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reposting this from 5 years ago as we enter the holiday season
This time of year for many is one of joy and happiness-a season to spend with family and friends sharing the pageantry and fellowship –Peace on Earth to men of good will. The lights twinkle on the tree, the presents underneath it await the excited children who finally fell asleep so that Santa could make his nocturnal visit, and the smell of baked goods and meats wafting throughout the house. Folks who may be at odds with others in their family somehow put aside those differences for just one day to celebrate the holiday.
For others, however, the season is not so jolly. There can be a variety of reasons that, for some people, this time of year can be a time of loneliness and depression. Some have lost loved ones recently and are spending their first holiday without them. I know that from personal experience, it can be extremely emotional in those circumstances as I felt that angst in my own soul in three different years -2004 when my dad passed, 2011 when my mom passed and 2012 when both of my brothers passed. Long-lived traditions can be both a help and hindrance in these situations. They can remind you of the ties that bind the generations together linking our childhood and adult lives to our own kids. But they can also bring to mind the loss of our loved ones causing the pain of that loss-which may have previously diminished to a few dying embers-to roar back into full flame overwhelming us with grief over those no longer physically present with us.
Similar feelings may occur due to a divorce or to a family member who is in the twilight of life who may be celebrating their last Christmas with us. I know that was the case with my mom who was diagnosed with terminal cancer in late 2011 giving us the knowledge that we would have only that one last holiday with her. Each moment and each tradition was precious as things never remain the same once the loved one passes.
Others have clinical issues such as the aptly “acronymed” SAD-Seasonal Affective Disorder. Those with this condition actually incur physical and emotional distress due to the diminished amount of daylight and concurrent feeling of isolation from the world. This can be particularly difficult for those who live alone-without family members or friends in the home or nearby. Adding to that any kind of physical illness or infirmity can lead to an overwhelming loneliness and despair. And of course for those like us who are often hiding a part of who we are from the world, the dissociation and isolation can be even worse.
So the question becomes-what can I do to help those who are struggling with the season? For years and years growing up and even into adulthood, Christmas had been a time of giving and receiving presents. Some were practical, others fanciful, but usually they were tangible items designed to bring a smile to the faces of children and adults alike. After my parents passed, we discovered that it was difficult financially to maintain the amount of gift exchanging that we had always done in the past and that somehow the true spirit of the holidays had been lost in the commercial side of Christmas. While Christmas is by its nature a Christian holiday celebrating the birth of Christ, the ultimate gift—its principles transcend the origins of the faith in which it began. The true spirit of Christmas is giving of ourselves and our time. We can invite those who we know are alone on these holidays to join in our own family celebrations. OR we can go to the homes of shut-ins sharing food and company. OR we can give of our time and money to the many charities that help those in need in our cities and towns. As simple a thing as wishing a Merry Christmas to someone you see who seems down in the dumps may be the thing that makes someone realize that they have a reason to go on.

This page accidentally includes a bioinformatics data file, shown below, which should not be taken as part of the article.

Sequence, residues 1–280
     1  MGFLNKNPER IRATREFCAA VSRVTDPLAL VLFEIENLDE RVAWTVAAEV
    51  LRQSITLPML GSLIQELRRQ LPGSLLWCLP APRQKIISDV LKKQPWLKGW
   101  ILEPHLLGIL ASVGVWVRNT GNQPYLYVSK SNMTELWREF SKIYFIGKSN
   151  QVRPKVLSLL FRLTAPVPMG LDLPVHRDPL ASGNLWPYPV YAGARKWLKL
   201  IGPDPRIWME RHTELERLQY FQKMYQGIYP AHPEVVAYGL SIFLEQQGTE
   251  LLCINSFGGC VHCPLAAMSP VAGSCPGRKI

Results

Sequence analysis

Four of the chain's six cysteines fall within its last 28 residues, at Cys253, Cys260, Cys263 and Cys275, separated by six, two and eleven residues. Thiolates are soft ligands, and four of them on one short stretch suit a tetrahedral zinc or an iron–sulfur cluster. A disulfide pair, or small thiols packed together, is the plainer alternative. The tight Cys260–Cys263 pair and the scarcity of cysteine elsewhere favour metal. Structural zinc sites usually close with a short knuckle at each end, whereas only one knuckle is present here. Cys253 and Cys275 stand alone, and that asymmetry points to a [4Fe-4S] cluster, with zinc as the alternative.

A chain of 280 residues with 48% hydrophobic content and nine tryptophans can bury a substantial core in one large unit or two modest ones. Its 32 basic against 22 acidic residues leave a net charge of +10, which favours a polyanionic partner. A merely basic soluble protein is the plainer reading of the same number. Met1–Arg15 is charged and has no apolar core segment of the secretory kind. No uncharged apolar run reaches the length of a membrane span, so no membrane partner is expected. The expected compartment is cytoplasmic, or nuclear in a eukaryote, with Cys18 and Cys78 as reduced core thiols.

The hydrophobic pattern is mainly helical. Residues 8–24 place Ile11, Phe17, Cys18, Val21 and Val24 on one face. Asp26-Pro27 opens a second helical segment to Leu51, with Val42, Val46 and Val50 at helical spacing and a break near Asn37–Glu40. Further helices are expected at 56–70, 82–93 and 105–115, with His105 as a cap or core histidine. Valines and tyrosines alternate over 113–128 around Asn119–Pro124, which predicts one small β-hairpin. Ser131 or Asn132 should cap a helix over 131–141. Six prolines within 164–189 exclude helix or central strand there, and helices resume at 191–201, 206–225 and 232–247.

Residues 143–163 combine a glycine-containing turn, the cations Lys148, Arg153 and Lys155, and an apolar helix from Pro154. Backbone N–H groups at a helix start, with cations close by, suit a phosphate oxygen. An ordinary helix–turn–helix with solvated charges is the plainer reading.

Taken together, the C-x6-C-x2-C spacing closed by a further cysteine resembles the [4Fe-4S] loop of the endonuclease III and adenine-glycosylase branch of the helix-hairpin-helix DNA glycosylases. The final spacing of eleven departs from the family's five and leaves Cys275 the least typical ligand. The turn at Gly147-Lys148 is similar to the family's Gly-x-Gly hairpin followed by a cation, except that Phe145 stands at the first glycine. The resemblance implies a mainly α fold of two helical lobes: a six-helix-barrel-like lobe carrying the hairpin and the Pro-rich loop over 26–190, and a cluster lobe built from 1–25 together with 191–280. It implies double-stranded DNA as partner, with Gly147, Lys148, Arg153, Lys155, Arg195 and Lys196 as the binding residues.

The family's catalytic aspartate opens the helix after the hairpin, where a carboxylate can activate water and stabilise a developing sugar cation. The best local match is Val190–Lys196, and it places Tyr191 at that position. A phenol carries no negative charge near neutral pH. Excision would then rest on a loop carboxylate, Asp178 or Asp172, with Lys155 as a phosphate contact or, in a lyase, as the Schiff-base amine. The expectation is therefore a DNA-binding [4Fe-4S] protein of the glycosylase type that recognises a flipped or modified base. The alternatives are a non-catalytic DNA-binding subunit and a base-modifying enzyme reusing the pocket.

Though it is difficult to do from a distance since our community is spread out throughout the world, I tried last year and am going to do my best this year as well to be online in the public chat area for as much of Christmas Eve late evening (after 10-11 pm US EST) and some on Christmas Day(subject to my plans to be in my own family celebration Christmas afternoon/evening (2-9 pm US EST on the 25th). I invite each of you to come spend as much time as you can spare from your own celebrations to greet and chat with your fellow members. And for those who don’t have friends or family close by, please join me in hostessing and keeping the chat going for as long as we can!
Cyn (aka Santa’s helper)
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